• To avoid becoming part of the routine, when your child is learning a new skill try giving the least amount of instructions she needs to be successful. Once she starts to understand the activity, see if you can give fewer and fewer instructions. (Side note, I’m not saying never talk to your child! You can find lots of time for conversation and social play throughout your day. It’s just when you are giving instructions that you may want to cut back on talking in order to make room for her skills to flourish.)

  • Teach your child to look for instructions in the environment rather than looking to you for every instruction. For instance, rather than telling her what to do, show her how to look for the directions at the top of her worksheet, to find the next item on her schedule, to identify the exit sign in a building, or to look at her glass to see that it is full.

Individual Learning Styles

What types of visuals make sense to a child with autism differs from child to child. Some children can understand symbolic pictures like cartoons or stick figures. Others can make sense of photographs, but not symbolic pictures. And many concrete thinkers don’t understand pictures at all, and need to see and use objects instead.

You’ll know if your child understands pictures if he is able to match objects to their pictures, or identify the meaning of a picture in real life. If your child sees a balloon in his book and points to the balloon in the room, that picture makes sense to him! If your child throws books every time you pull them out and ignores the picture schedule you made for him, he is probably telling you it doesn’t make much sense to him.

What you can do

  • Use whatever makes the most sense to your child, not something that they can only sometimes do. If they only sort of understand pictures, stick with objects. That child who pointed to the balloon when he saw the picture? If he didn’t do that with lots of other pictures, and couldn’t do it when he was upset, I’d stick with objects. Here’s an analogy: I sort of understand German, but when I’m stressed out or learning something new I sure hope my instructions are in English!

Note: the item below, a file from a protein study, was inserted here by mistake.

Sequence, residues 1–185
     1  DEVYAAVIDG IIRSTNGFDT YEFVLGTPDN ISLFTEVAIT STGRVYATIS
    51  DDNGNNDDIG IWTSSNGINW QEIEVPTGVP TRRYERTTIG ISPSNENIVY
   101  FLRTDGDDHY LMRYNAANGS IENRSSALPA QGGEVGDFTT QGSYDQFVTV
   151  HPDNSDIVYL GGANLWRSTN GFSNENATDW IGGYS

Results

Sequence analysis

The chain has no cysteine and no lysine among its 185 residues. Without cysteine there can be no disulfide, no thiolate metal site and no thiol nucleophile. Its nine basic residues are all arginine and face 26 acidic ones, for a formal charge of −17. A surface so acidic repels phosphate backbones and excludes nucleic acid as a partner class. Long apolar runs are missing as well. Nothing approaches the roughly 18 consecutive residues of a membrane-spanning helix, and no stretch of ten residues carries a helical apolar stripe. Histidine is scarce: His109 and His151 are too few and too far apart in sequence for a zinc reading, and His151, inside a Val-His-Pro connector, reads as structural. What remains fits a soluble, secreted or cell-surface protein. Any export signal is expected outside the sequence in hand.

• Handing your child a picture or an object to use may be more meaningful than just showing it to him. For example, hand him a picture of his homework desk and teach him to match it to a certain spot on the desk (now he is where he needs to be for homework!). Or hand your child his empty cup to help him understand it’s time to come to the table for a snack (once he’s at the table fill it with his drink!).

  • Demonstrate a skill rather than just describing it. Especially for kids who learn best with objects, this will help them understand what you are teaching him to do.

  • If your child loves pictures and videos, snap some shots of you or someone else doing the skill you’d like to teach your child. Show it to him and see if it helps him learn more quickly.

Wrapping Up

Teaching visual learners takes some serious detective work and trial and error. Try making one or two small changes and see what happens! If you need help, ask your occupational therapist or speech therapist to teach you some concrete things you can do. Your child is lucky to have you working so hard to figure out how he or she thinks and learns!


Meg Proctor is an autism specialist, occupational therapist, and the founder of Learn Play Thrive, L.L.C. She offers free ebooks and video tutorials for parents of kids with autism, and provides online occupational therapy for families in North Carolina and Mississippi. Visit her website at or email her at